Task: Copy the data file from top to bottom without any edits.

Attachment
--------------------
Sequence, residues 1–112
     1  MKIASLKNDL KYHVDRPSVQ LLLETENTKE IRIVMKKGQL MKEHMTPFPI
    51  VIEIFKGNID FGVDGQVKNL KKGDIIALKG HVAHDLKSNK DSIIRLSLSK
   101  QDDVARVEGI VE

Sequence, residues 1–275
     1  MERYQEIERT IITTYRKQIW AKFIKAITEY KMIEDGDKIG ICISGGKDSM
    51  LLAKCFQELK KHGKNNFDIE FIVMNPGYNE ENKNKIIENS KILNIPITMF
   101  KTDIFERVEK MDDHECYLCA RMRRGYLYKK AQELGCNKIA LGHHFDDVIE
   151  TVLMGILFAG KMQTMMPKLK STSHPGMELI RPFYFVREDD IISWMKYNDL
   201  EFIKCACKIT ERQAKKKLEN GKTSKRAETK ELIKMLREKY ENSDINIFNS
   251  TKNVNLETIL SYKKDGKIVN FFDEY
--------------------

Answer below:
Sequence, residues 1–112
     1  MKIASLKNDL KYHVDRPSVQ LLLETENTKE IRIVMKKGQL MKEHMTPFPI
    51  VIEIFKGNID FGVDGQVKNL KKGDIIALKG HVAHDLKSNK DSIIRLSLSK
   101  QDDVARVEGI VE

Sequence, residues 1–275
     1  MERYQEIERT IITTYRKQIW AKFIKAITEY KMIEDGDKIG ICISGGKDSM
    51  LLAKCFQELK KHGKNNFDIE FIVMNPGYNE ENKNKIIENS KILNIPITMF
   101  KTDIFERVEK MDDHECYLCA RMRRGYLYKK AQELGCNKIA LGHHFDDVIE
   151  TVLMGILFAG KMQTMMPKLK STSHPGMELI RPFYFVREDD IISWMKYNDL
   201  EFIKCACKIT ERQAKKKLEN GKTSKRAETK ELIKMLREKY ENSDINIFNS
   251  TKNVNLETIL SYKKDGKIVN FFDEY